AD

The typical working day of nine successful business leaders

When you’re leading a fast-growth business it can often be hard to prioritise and remain productive, so Real Business has found out how nine high flyers construct their typical working day.
AD
Typical working day

It’s hard to know what to focus on each day

There are some who are early risers and others who work late into the night. Some find exercise a good way to get away from it all and others prefer a spot of meditation. To give you some inspiration to perhaps make changes, here are the typical working day arrangements of nine very different people.

We’ve asked them about what kind of structure they use, which technological tools are helpful, how they like to relax and which famous face they’d like to swap places with for a day. Each have a different approach to getting the most out of a typical working day.

- Advertisement -

Beverley Sunderland, MD at Crossland Employment Solicitors

Photo©John Cassidy The Headshot Guy® www.theheadshotguy.co.uk 07768 401009

What time do you get up, and why?

I am up at 6am, as I am most productive first thing in the morning and horribly cheerful then – the complete opposite to my husband.

What do you like to do with your time between getting up and leaving for the office?

First I let the chickens and dogs out, at my desk at 6.30am and then I work for about two hours, take the dogs out for a run, then get changed and go the office.

How glued to technology are you in the morning?

We have clients all over the world, so the first thing I do is check my email and phone, followed by BBC news online.

How do you break up a typical working day, what do you find is important?

I am learning French and so try and break up the day logging on to Duolingo for a bit of practice – although I have to make sure no-one else is listening.

What unusual quirks do you have to ensure you’re productive and efficient?

Perhaps not a quirk, but I find the best way to deal with hard work it is to categorise everything in monetary terms – if I work an hour when on holiday then that pays for the lovely meal out.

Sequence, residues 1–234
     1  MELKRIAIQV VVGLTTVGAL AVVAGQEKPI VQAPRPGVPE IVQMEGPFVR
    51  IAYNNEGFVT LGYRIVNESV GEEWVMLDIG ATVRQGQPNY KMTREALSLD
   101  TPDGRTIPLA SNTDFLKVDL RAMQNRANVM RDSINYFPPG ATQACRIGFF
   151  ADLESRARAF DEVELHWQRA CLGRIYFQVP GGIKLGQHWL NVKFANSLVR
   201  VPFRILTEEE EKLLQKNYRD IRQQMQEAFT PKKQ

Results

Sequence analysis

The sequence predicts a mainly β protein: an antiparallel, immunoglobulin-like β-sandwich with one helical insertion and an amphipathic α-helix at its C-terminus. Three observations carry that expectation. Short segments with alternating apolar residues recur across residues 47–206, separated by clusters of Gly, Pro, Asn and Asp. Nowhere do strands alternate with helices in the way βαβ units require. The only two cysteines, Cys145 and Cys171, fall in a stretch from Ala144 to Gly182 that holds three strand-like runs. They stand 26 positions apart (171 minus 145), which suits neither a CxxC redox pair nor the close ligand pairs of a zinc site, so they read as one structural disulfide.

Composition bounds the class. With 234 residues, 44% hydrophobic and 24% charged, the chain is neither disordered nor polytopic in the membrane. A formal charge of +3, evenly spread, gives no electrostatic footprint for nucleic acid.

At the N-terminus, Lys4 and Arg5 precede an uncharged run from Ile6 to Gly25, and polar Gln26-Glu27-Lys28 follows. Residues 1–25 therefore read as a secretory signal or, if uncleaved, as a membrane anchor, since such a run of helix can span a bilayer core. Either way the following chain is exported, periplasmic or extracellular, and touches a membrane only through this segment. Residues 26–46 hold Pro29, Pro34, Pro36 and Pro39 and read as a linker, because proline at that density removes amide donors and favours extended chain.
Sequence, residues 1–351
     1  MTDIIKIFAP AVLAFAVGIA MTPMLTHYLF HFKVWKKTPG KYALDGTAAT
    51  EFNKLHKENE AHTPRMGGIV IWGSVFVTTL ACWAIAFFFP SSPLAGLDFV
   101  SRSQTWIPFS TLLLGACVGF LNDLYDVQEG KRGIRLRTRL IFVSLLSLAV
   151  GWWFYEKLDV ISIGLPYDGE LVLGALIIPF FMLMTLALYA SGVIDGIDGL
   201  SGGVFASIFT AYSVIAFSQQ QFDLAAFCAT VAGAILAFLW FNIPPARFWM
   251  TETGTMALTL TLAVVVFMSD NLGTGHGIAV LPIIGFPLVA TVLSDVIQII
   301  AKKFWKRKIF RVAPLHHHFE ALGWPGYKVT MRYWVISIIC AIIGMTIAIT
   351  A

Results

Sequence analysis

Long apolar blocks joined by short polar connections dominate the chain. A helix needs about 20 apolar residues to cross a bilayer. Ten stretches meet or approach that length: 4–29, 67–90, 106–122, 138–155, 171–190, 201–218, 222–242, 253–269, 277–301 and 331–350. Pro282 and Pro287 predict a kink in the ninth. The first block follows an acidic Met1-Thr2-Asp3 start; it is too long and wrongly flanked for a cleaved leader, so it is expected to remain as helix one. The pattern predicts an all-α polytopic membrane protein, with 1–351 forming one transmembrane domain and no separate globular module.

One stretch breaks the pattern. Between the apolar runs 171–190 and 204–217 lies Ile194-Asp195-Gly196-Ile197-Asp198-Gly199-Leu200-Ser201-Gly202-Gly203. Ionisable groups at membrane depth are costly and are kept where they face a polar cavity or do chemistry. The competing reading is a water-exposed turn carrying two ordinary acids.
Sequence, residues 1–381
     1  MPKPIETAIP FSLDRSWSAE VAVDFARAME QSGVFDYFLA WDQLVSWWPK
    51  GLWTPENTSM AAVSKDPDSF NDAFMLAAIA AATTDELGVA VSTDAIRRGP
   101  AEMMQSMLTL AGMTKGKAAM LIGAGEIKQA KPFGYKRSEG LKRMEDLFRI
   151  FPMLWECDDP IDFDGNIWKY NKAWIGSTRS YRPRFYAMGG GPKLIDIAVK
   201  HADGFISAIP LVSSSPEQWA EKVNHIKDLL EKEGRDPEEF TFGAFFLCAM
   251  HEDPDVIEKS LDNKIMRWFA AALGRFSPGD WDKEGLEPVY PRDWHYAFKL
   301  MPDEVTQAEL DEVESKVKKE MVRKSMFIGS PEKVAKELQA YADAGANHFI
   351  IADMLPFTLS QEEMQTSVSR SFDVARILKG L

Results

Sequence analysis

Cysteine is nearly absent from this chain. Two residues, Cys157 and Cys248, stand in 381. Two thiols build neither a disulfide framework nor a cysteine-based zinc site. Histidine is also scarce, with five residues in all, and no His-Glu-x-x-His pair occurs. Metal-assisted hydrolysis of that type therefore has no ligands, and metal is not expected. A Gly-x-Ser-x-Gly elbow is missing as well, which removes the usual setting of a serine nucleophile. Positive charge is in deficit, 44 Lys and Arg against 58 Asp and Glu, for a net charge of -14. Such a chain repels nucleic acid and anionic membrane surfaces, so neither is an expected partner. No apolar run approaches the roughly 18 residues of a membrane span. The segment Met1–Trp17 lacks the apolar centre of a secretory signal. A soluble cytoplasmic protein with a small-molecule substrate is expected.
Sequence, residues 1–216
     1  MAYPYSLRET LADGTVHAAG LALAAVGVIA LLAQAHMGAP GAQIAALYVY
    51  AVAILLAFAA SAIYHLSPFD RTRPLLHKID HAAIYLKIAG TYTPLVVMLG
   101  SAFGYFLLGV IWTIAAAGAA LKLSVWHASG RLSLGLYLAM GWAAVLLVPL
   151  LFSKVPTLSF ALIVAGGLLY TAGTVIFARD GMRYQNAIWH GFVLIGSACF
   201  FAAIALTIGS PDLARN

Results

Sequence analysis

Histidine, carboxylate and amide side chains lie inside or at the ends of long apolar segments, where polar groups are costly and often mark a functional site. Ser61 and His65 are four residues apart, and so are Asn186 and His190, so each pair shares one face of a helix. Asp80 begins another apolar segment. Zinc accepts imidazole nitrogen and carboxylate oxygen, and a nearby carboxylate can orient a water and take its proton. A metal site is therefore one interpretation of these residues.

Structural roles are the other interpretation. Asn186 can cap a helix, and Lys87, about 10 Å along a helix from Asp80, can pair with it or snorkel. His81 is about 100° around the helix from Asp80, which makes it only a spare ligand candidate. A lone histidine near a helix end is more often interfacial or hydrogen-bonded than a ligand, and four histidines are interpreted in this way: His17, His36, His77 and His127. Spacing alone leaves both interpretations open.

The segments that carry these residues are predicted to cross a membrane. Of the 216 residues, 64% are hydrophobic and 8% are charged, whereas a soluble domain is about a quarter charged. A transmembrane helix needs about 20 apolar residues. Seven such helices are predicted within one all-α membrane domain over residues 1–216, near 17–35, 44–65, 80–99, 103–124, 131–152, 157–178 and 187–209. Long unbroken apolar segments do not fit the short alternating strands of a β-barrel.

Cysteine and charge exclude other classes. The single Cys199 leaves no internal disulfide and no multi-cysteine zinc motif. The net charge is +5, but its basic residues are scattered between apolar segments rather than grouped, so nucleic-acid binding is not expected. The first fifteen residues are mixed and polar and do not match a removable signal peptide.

What personal time do you like to set aside, and why?

Working from home in the mornings is what keeps me relatively sane as it allows me to deal with the complex work without interruption – except when the postman comes and the dogs bark like a pack of wild animals.

What tools (technological or otherwise) are useful for you?

The delay function on Outlook, this means I can write emails to clients and colleagues whenever I want but they will not actually leave my outbox until a reasonable time of day.

How do you try and switch off in the evening, if at all?

I normally stay in the office until 7pm and then drive home to the Archers or go to the gym. I usually do at least an hour of work in the evenings as well and work probably five hours at the weekend.

What is your one mantra for a good work/life balance?

Learn to say no.

If you could swap days with one person who would it be?

The prime minister – seeing what their day looks like, I doubt I would ever complain about working too hard again.

Keep reading to find out why Stefan Wissenbach is an advocate of “buffer” time

1 2 3 4 5 6 7 8 9

Share with your network

Follow Real Business:

About Author

Hunter Ruthven

Hunter Ruthven is the editor of Real Business. He is also the editor of Business Advice, a title focused solely on a section of the business community currently underserved – micro companies. Alongside this, he is part of the team that hosts the Growing Business Awards, First Women Awards and Future 50 initiative.

Real Business